Desks in the fifth-grade classroom are drawn close, bringing the students into groups of threes and fours.
Working together, their youthful hands use rulers to measure the lengths and widths of small items such as playing cards, crayons and glue sticks.
“I want you to make estimates first,” said math teacher Nelda Cope. “How long do you think it is? I’d rather you not put three feet. Then measure it to find out the actual width and length.”
Cope, a teacher with 25 years of experience and currently a fifth grade math and science teacher at Boyd Intermediate School, is leading the class in a lesson on measurements. She’s following the sequence of lessons laid out in CSCOPE.
It’s the first year the program has been used in the district, and its use in Boyd seems a far cry from the anti-American, anti-Christian and pro-socialist claims made by some critics about the curriculum building program.
“From everything I’ve seen, it’s been a smooth transition,” said Ted West, Boyd ISD superintendent. “We’ve been having success with it.”
This school year Boyd ISD began using CSCOPE for grades K-12. It’s only being required in math courses this year, but in the future it will include additional subjects.
Bridgeport Superintendent Eddie Bland said they introduced CSCOPE last year.
“It’s not a curriculum,” Bland said “The state tells us what to teach through the TEKS (Texas Essential Knowledge and Skills). All CSCOPE does is create a manageable scope and sequence.”
The TEKS “are the state standards for what every student should know and be able to do” according to the Texas Education Agency. TEKS in turn are what shows up on standardized tests that students have to take in order to move on to the next grade.
CSCOPE takes those TEKS and breaks them down into a timeline for teachers to follow. For example, for a fifth-grade math class, CSCOPE might map out that students spend 10 days on division, seven days on learning measurements, nine days on fractions, etc.
Prior to CSCOPE, teachers had to figure out on their own how to fit all the TEKS, into the school year.
Cope said in the past she has had to draw information from multiple sources and from attending various seminars to find ways to sequence all the TEKS.
A USEFUL TOOL
Several veteran teachers at Boyd said they find the CSCOPE useful.
Jackie Smith, who has 25 years experience in the classroom, is a language arts teacher at Boyd Intermediate. She isn’t required to use CSCOPE for her subject for another four years, but she, along with several other teachers in various subjects, has already started using it.
“I’m getting more done in class than I ever have before,” Smith said. “I’m real happy with it.”
Some groups have attacked CSCOPE as taking away from the creativity of teachers. A website called Texas CSCOPE Review has numerous articles pointing out grammatical errors or typos in some CSCOPE sample questions. It has even claimed CSCOPE is anti-American, pro-Islamic and pushes a subliminal agenda prepping students for a one-world government of tomorrow.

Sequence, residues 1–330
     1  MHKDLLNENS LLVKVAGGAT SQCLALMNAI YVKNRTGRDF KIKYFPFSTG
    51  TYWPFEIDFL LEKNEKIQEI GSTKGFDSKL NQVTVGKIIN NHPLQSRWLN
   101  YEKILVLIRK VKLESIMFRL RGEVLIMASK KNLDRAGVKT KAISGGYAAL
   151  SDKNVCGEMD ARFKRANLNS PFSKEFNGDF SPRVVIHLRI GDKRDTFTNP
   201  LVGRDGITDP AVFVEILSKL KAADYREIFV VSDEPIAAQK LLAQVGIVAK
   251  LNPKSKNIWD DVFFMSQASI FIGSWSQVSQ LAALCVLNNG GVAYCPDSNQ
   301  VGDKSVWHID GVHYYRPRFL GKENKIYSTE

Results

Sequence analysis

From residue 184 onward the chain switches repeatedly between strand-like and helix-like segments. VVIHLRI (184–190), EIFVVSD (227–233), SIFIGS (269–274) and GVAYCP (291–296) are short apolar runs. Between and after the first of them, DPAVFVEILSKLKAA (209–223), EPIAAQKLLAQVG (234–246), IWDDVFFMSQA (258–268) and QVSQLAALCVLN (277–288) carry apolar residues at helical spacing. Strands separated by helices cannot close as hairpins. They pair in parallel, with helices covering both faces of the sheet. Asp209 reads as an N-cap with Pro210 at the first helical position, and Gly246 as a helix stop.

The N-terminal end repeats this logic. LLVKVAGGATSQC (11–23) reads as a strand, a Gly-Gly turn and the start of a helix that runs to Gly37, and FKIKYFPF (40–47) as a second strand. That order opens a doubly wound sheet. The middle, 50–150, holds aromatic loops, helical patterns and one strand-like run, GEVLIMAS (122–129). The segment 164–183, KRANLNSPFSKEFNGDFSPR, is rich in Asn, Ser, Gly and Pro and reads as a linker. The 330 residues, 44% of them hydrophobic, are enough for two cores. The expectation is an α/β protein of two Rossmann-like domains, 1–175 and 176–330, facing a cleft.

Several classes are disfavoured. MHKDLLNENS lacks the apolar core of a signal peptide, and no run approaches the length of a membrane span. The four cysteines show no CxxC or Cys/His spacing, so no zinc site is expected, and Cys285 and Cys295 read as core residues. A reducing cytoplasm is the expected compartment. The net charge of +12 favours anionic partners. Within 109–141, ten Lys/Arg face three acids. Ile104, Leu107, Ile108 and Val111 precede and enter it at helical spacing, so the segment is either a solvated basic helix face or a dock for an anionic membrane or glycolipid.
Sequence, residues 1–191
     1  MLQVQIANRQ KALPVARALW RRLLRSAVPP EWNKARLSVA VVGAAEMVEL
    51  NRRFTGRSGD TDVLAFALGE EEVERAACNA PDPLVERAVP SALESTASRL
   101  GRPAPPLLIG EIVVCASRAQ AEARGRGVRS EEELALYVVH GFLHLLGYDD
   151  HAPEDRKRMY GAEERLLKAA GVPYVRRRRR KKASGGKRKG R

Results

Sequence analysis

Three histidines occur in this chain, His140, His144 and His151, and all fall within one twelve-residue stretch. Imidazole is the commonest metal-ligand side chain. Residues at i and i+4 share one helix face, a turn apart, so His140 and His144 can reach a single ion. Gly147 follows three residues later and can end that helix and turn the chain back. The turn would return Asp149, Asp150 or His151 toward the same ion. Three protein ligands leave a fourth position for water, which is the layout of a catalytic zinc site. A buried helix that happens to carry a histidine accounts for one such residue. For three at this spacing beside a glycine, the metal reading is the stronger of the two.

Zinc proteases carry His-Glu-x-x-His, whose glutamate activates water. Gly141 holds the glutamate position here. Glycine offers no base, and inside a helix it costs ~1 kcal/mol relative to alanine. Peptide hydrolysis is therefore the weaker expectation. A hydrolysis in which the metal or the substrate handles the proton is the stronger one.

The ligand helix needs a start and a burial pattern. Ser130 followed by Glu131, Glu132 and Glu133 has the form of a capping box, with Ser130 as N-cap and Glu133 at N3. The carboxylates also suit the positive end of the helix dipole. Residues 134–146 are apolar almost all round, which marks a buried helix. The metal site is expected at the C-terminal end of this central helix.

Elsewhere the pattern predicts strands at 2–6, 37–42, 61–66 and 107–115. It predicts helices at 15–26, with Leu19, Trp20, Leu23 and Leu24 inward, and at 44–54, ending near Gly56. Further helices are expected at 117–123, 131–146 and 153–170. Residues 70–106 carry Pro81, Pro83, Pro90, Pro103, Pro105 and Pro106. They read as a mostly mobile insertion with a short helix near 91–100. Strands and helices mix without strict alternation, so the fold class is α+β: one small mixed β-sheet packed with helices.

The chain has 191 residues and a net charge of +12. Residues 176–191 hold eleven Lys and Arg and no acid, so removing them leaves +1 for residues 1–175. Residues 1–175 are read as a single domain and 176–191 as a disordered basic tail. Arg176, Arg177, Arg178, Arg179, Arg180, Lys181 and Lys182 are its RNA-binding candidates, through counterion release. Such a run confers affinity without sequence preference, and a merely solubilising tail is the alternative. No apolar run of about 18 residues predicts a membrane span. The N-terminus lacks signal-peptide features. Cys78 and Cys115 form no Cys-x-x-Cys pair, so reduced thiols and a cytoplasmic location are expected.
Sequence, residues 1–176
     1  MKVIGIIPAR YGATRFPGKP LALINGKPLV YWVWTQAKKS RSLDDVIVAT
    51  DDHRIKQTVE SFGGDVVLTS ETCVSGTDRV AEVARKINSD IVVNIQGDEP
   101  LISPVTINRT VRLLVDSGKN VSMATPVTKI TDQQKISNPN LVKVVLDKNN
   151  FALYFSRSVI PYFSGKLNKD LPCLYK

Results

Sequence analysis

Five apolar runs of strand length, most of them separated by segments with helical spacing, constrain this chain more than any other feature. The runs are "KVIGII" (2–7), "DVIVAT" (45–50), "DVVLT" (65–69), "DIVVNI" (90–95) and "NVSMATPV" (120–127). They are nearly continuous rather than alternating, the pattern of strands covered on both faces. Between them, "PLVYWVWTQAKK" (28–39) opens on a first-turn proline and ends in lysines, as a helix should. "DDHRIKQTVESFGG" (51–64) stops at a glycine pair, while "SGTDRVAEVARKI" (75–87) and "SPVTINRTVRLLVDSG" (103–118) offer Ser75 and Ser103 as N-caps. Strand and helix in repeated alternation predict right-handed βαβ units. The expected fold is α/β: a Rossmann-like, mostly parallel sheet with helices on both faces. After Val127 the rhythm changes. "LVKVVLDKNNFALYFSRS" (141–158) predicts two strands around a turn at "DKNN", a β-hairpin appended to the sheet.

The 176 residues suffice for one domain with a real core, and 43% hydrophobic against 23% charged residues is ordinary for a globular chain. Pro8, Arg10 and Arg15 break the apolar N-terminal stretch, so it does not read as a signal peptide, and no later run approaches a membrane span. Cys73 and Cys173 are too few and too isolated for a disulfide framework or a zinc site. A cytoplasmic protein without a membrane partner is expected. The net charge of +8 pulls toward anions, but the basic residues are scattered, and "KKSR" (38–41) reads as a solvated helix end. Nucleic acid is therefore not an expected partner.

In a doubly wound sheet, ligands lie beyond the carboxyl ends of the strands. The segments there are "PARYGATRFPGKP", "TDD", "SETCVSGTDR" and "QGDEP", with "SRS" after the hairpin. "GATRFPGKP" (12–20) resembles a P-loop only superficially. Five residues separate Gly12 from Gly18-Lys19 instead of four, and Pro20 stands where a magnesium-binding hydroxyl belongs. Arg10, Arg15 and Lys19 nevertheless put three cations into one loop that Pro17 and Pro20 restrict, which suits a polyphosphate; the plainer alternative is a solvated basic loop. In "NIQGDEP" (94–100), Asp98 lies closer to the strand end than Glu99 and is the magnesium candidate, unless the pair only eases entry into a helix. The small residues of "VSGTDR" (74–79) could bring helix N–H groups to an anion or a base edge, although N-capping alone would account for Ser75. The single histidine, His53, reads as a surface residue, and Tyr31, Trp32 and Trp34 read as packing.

“Some think it takes away from creativity, but that’s not the case at all,” Cope said. “If I have a cool way of showing how to do something, I can still use it. But sometimes I do get some good ideas and see new ways to ask questions through the CSCOPE examples.”
“CSCOPE is only a resource for the teachers,” West said. “It is not the teacher.”
Boyd curriculum director Barbara Stice admits there are some errors in the examples. But she also pointed out that teaching about different religions and forms of government is standard social studies fare.
“CSCOPE is built by teachers, and we all know teachers make mistakes,” Stice said. “But one of the TEKS in social studies is teaching about other religions and cultures.”
And she stresses that CSCOPE does not take away from a teacher’s creativity.
“CSCOPE does have one way to teach a lesson, but if a teacher has another way to teach it they are free to do it,” Stice said. “CSCOPE is a live, living document,” Stice said. “Our textbooks are static. Our textbooks are outdated. TEKS are constantly being revised and textbooks can’t keep up.
“The state gives us the EOC (End-of-Course) exams to make sure we’ve successfully teaching TEKS.”
“After the STAAR (EOC) test results came out we all went ‘Whoa!'” Cope said. “We needed something more rigorous to make sure we were covering all the TEKS. That’s what CSCOPE does. It’s laid out so well. And the rigor is comparable with the STAAR.”
Following the CSCOPE sequence has made for more rigorous class work.
“I’ve seen a lot of hands-on work, a lot of group work and a lot of higher level thinking,” Stice said.
As for some of the claims Texas CSCOPE review makes about it being a pro-Islamist, pro-socialist?
“One of the TEKS in social studies involves teaching about other religions and cultures,” Stice said.
She said she’s seen no indication of it pushing religions on anyone. She understands that is something no parent wants.
“It’s very clear-cut and simple,” Cope said. “It makes sure I cover everything. It’s very good. There’s nothing spooky about it that I’ve seen.”
Bland said large school districts with big staffs draw up their own version of what CSCOPE does, but for the hundreds of smaller districts, the program is a lifesaver.
“It simply aligns what we teach with what the state will be testing for,” Bland said. “But like everything else we will keep looking.”
“It’s not the end all,” Stice said.
Meanwhile, students continue to work in groups, solving ever-tougher problems for ever-evolving standardized tests.